In 2013, President Obama proposed the three-part “President Obama’s Plan for Making College Affordable, a better bargain for the middle class.” The first part of Obama’s plan is to pay colleges for students’ performances.
“What we want to do,” the president says, “is rate [colleges] on who’s offering the best value. . . . I think we should rate colleges based on opportunity. Are they helping students from all kinds of backgrounds succeed? … [O]ur ratings will measure how successful colleges are at enrolling and graduating students who are on Pell grants.”
Pell grants help pay for college expenses for undergraduate students with low Expected Family Contributions. It’s meant to identify students whose parents are unable to pay for full expenses.
Obama summarized by saying, “But the bottom line is we need to make sure that if you’re getting financial aid you’re doing your part to make progress toward a degree.”
Unfortunately, Obama’s good intentions are thwarted by the economic principle formulated by banker Charles Goodhart. His law states, “When a measure becomes a target, it ceases to be a good measure.”
Applied to higher education, it is easy to use progress toward a degree as a measure of actual learning. To maintain a good reputation, schools want to graduate only students who have learned the material. Degree requirements are formulated to mark this progress.
But if the government starts paying colleges based on a student’s progress toward degree requirements or the number of students who graduate, this measure of student progress will change into a target for the school to achieve. In other words, colleges will trend toward the goal of printing pieces of parchment rather than educating their students.
A corollary to Goodhart’s law is Campbell’s law: “The more any social indicator is used for social decision making, the more apt it will be to distort and corrupt the social processes it is intended to monitor.”
When Donald T. Campbell applied this law to schools, he said, “Achievement tests may well be valuable indicators of general school achievement under conditions of normal teaching aimed at general competence. But when test scores become the goal of the teaching process, they both lose their value as indicators of educational status and distort the educational process in undesirable ways.”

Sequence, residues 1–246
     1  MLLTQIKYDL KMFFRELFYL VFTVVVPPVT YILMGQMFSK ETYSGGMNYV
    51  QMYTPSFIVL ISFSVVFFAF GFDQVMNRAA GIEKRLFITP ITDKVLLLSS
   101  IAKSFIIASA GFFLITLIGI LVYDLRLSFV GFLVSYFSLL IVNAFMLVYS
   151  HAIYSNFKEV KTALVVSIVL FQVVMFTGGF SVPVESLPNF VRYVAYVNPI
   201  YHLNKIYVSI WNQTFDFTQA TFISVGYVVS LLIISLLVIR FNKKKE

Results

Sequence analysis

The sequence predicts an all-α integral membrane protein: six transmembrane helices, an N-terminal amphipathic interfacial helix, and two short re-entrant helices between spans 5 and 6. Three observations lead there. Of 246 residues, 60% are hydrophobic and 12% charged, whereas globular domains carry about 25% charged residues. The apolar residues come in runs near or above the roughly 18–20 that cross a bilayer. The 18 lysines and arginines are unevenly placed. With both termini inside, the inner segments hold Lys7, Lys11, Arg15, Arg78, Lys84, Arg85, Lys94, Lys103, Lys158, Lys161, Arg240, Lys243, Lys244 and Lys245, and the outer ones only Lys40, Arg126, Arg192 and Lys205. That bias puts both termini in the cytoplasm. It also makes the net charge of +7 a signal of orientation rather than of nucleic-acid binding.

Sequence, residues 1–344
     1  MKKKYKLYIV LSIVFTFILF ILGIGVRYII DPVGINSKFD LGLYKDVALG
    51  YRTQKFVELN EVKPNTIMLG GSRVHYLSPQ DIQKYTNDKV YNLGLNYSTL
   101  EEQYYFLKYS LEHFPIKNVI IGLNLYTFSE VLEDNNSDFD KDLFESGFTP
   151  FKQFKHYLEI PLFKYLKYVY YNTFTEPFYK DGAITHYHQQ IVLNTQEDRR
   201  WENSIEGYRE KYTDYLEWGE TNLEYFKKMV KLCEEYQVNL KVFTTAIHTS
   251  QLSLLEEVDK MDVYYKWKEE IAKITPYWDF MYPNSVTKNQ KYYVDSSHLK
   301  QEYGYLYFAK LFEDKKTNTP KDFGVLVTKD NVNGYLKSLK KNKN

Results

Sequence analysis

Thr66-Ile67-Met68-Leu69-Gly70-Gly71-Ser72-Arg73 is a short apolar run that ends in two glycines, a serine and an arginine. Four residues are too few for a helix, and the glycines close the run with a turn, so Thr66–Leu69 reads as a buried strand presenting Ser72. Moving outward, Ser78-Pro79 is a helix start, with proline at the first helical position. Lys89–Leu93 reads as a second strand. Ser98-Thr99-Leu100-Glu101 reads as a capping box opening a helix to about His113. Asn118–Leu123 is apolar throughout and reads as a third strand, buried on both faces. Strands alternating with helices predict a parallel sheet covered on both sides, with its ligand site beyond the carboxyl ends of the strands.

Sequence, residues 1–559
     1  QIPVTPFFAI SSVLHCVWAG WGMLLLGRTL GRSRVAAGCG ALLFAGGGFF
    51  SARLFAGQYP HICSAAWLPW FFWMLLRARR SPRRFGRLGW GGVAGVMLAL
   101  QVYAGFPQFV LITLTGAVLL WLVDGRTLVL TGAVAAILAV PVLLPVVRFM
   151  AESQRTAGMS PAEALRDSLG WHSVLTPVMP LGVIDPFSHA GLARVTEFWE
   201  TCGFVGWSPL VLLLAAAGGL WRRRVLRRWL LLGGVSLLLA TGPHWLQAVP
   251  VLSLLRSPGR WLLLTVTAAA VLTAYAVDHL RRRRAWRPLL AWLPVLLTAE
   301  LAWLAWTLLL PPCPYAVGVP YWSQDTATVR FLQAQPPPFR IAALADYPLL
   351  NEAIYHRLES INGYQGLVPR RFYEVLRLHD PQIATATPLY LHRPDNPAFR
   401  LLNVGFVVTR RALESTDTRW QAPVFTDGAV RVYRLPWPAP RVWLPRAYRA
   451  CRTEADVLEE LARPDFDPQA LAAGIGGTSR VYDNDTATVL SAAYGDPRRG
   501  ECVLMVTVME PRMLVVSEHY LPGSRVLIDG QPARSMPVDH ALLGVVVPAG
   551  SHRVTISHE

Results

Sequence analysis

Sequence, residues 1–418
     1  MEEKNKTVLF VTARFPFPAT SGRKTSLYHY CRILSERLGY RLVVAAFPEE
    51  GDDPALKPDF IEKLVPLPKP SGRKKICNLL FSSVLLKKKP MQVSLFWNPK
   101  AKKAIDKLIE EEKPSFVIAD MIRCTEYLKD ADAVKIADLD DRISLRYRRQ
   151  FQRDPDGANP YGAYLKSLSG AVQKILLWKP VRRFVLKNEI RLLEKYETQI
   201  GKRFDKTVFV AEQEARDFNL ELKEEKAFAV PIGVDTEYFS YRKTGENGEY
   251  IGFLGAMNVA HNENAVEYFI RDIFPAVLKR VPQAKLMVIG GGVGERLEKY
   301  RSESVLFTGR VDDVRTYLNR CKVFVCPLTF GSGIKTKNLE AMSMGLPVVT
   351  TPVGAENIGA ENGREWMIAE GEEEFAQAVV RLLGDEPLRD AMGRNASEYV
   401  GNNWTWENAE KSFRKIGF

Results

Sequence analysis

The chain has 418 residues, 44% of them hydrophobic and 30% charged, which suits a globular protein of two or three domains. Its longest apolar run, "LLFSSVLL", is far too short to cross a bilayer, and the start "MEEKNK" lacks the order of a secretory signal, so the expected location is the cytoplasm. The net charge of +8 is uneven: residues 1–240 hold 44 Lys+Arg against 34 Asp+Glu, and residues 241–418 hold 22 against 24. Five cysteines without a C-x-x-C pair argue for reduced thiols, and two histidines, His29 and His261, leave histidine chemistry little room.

We’ve already seen the effects of both of these laws with the No Child Left Behind Act of 2001. Teachers focused on the tests at the expense of truly educating their students.
Because test scores became all that mattered, many teachers simply cheated. They gave their students the exact test questions and answers during class. Others deceived more directly, filling in blank answers for students who could not even complete the tests.
In the college realm, federal funds are one of the primary ways that colleges, especially public institutions, get paid. This creates a third-party payer system. What Obama refuses to admit is that any time a third-party payer system exists, market forces will not hold down costs as much as they would otherwise.
Federal funding is already to blame for rising college industry costs. If progress on a degree is all that matters to receive that funding, we’ll see degree requirements relax. More and more students will receive an increasingly meaningless piece of paper at the end.
The federal government spends $69 billion on college financial aid programs. An additional $107 billion goes to the student loan program. Meanwhile the tuition at all the public colleges in the country (where 75% of undergraduates attend) amounted to $62.6 billion.
Despite all that or perhaps because of it, the cost of college has risen by almost five times the rate of inflation since 1983.
No one is a better judge of the value of a college education than the parents and students shopping for college. High school students spend a tremendous amount of time and effort on what is commonly seen as the biggest decision of their life so far.
Assessing the value of a college education is much more difficult than simply measuring progress toward a degree. Some degrees are not worth the cost of a college education. And many colleges are not worth the expense of attending.
Our local University of Virginia offers one of the best 20-year net return on investment at 17.6%. But surely the criteria for evaluating if and where a student should attend college is as individual as the student themselves. Blindly adding the criteria of random government statistics will do even greater harm.
Photo used here under Flickr Creative Commons.